Leonard Frederick Bysh
Leonard in uniform with his sister Gertrude May Dover and her family in Hoddesdon, Hertfordshire
photo courtesy RSL Virtual War Memorial
|Date of Birth||20 Aug 1887|
|Place of Birth||Watford, England|
|Death||4 Oct 1917|
|Place of Death||Zonnebeke, Belgium|
|Age at Enlistment||27 years, 4 months|
|Address||NOK 36 Peel street, Jolimont, Western Australia|
|Next of Kin||Father , Mr James Bysh|
|Date of Enlistment||17 Jan 1916|
|Unit/Formation||44th Battalion, Machine Gun Section (16 Platoon D Company)|
|Date of Embarkation||6 Jun 1916 ‒ 21 Jul 1916|
|Ship Embarked On||HMAT A29 Suevic|
|Fate||Killed in Action 4 Oct 1917|
Gosnells War Memorial |
Gosnells Road Board Honour Roll
Menin Gate Memorial
Australian War Memorial
British War Medal |
Arrived in Australia on 19 Feb 1909, aged 22 on board SS Omrah of the Orient Line.
Following basic training in WA, the 44th Battalion proceed to England via Durban, Capetown, and St Vincent, arriving at Plymouth on 21 Jul 1916. On arrival they entrained for Amesbury where they then marched 6 miles (10 km) to Larkhill. Further training followed until 26 Nov 1916 when the battalion proceeded overseas, arriving in Le Havre the next day.
On 19 Feb 1917 Leonard was appointed Lance Corporal, and on 11 Apr 1917 Temporary Corporal. Although he reverted to LCpl on 13 May 1917 he was promoted Corporal on 15 Jun 1917. On 17 Aug 1917 he was mentioned in the 3rd Division's Routine Orders for distinguished conduct. Appointed Lance Sergeant on 28 Aug 1917, he was made Temporary Sgt the following day, and promoted Sergeant on 25 Sep 1917.
The 44th Battalion took part in an attack on Broodseinde Ridge on 4 Oct 1917. They had moved from Poperinghe the day before, through Ypres and late in the evening of 3 Oct 1917 took up position near the railway line in Zonnebeke. While the Australian attack was planned for 6:00am, the Germans had also assembled for an attack on the Australians, timed to commence at 6:10am. The German barrage commenced at 3:00am, so the Australians had suffered heavy casualties before their barrage commenced and the men moved forward. It was soon after this that Leonard was killed.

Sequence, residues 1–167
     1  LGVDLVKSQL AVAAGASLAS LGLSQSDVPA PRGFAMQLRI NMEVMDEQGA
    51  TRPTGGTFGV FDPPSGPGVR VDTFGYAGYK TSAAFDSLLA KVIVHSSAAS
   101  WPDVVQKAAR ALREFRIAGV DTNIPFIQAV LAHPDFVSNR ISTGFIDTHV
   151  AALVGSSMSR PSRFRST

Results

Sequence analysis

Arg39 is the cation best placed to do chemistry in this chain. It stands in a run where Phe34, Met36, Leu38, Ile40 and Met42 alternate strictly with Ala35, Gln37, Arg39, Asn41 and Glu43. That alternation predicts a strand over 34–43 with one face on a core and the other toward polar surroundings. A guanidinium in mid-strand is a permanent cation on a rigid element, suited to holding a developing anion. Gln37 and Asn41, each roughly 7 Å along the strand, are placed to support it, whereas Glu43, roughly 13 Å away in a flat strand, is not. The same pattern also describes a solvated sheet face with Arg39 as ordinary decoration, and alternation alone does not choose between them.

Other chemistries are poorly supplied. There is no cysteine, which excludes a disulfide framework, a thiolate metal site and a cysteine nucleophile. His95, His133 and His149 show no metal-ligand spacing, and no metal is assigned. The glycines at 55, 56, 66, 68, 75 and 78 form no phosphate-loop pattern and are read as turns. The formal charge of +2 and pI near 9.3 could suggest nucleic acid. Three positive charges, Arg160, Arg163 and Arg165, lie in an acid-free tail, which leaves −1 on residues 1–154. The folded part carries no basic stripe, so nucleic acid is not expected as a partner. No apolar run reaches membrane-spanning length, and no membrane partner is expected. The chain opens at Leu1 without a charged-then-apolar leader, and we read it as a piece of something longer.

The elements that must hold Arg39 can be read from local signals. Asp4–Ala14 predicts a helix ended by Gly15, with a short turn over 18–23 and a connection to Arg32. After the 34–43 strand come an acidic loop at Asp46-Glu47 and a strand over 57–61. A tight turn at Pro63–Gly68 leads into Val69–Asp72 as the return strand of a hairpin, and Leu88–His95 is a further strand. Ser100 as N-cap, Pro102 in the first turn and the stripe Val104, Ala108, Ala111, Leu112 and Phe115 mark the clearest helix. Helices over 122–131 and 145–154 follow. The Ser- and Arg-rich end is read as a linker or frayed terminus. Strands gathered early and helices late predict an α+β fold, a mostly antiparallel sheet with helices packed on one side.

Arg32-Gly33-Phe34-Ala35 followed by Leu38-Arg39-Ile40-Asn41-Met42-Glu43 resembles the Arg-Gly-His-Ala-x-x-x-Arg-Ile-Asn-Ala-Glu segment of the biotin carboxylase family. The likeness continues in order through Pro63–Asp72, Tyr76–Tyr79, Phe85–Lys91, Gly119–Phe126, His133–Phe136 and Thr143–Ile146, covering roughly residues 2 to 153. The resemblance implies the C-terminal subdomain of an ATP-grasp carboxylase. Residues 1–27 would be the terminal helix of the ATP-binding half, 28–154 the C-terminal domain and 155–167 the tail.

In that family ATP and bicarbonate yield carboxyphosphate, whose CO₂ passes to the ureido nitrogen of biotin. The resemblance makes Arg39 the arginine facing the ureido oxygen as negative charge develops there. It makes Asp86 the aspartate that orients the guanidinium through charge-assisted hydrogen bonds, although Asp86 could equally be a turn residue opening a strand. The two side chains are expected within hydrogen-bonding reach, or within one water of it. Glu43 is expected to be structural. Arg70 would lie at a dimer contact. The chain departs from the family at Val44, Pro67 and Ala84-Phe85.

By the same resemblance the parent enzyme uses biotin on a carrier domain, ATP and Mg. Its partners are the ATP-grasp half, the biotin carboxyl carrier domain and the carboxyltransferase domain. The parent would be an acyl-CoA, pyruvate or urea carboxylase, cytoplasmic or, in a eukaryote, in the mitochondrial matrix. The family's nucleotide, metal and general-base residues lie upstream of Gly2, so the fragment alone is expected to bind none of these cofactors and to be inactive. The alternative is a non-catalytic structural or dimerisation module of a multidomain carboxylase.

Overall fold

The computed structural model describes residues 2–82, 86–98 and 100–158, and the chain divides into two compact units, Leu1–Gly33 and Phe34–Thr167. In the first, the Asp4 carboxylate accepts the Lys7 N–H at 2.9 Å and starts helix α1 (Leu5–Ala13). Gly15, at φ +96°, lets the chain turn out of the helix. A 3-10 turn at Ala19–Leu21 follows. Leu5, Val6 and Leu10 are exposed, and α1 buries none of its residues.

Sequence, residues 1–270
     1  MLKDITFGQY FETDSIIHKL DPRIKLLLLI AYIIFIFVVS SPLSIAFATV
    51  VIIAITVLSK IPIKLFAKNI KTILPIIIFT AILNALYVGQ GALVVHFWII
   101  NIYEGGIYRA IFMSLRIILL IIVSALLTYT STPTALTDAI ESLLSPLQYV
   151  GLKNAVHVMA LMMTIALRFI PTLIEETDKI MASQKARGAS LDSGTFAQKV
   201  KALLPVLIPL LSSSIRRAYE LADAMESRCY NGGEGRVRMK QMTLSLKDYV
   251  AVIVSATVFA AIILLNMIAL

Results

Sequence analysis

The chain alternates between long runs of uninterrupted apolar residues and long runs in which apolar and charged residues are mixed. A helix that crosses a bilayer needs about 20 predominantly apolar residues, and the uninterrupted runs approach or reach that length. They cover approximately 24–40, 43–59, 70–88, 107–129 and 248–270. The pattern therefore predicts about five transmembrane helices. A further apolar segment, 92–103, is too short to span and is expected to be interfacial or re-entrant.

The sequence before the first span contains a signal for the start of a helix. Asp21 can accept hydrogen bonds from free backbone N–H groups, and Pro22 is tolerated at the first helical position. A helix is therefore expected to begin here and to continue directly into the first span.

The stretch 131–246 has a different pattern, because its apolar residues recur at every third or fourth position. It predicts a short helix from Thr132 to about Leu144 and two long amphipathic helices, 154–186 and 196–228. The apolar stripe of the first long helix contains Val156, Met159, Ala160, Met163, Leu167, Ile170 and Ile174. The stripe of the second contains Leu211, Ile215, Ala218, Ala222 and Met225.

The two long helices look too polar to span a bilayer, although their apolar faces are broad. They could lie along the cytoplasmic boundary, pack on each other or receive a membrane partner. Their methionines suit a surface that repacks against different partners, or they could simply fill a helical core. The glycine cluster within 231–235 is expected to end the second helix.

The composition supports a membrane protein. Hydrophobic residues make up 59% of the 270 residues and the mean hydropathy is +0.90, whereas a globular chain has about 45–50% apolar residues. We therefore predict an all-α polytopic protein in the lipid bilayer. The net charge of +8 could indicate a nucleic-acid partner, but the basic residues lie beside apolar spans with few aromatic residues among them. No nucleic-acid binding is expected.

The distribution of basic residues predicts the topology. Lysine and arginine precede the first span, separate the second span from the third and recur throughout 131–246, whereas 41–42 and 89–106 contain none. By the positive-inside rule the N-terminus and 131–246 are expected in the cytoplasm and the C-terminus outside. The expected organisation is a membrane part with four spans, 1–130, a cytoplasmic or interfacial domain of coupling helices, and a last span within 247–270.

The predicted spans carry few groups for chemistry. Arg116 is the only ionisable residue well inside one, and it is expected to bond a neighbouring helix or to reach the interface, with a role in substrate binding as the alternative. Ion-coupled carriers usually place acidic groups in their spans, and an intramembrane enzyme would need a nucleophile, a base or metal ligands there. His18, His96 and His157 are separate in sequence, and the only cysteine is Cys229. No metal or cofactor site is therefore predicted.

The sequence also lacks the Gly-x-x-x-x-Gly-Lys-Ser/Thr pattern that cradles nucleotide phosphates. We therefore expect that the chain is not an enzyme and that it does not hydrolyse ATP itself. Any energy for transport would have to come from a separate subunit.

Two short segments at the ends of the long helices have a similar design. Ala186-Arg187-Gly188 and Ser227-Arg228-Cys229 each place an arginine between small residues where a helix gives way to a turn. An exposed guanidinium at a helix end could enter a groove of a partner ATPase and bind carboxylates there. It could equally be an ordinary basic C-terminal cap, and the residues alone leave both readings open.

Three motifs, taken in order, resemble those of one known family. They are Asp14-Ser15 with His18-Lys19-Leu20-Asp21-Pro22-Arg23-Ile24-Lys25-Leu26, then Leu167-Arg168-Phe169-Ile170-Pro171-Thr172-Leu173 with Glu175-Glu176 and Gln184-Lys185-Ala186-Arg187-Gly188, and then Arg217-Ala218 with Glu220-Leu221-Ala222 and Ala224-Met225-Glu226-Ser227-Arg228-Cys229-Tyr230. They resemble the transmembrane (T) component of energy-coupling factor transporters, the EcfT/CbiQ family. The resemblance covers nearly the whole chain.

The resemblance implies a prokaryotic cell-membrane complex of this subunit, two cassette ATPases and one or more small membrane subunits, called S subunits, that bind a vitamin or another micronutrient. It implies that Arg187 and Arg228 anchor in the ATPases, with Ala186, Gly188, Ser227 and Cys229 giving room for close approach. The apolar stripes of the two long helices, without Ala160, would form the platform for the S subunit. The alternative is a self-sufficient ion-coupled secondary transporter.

A comprehensive Red Cross file is held by the Australian War Memorial in Leonard's name 
"We had gone over Hill 60 and had just reached our objective on the 4th October when I saw Sgt Bysh sniped through the head. I did not know him well, but he was a dark chap, clean shaven, about 5ft 8 in. He was a Lewis Gun Sergeant, D Coy." 876 Pte S.E>G. Dodds
"I knew Sgt Bysh. He was in my platoon. We called him 'Len'. At Ypres on or about 4th October we went over the top. We had not gone more than 200 yards when Sgt Bysh fell. He was shot through the head and killed instantly. I was quite close to him. Company Sergeant major Bayne got his pay book and papers. We gained our objective. I did not again see Sgt Bysh's body, but a burying party went out later and I believe his body was buried. Sgt Bysh was about 5ft 8 ins, dark, clean-shaved. He was a very nice fellow and well liked by everyone." 2595 Pte Richard Jas. Kent.
"I have already written fully to his Mother and also to his sister, (in England) giving all the particulars I could. He was killed at my side, and cause of death was sniper bullet through the head. He would be buried by burial party in the field. I am unable to give any clue to grave location beyond the fact that it was in th vicinityof the Railway Station, Zonnebeke. If my letter has not reached his sister in England, I would be only too pleased to write again as Sgt Bysh was my mate." 685 Pte H.Barns.
" Was in D Coy, a Lewis Gunner. He was killed instantly by shell at Messines Ridge on October 4th, during the Hop-over. I did not see him killed, but saw his grave. He was buried in a little cemetery (about 20 or 30 graves) in Messines Hollow, near the ridge. A cross was erected over his grave out of Battalion funds." 940 Pte E Brown 44th Battalion HQs.
On 3 Aug 1917 Len was recommended for an award."On the morning of July 31st 1917, in the advance east of Messines, this NCO saw a party of Germans retiring under cover of our smoke barrage.
He promptly trained his Lewis gun on them and almost completely annihilated them. His prompt action and masterly handling of the gun were responsible for the good results obtained.Temp Sergeant Bysh has always shown a high standard of courage and devotion to duty, setting a splendid example to his men who have every confidence in him.
The result was that his name was mentioned in the Corps Orders, published 3 Aug 1917.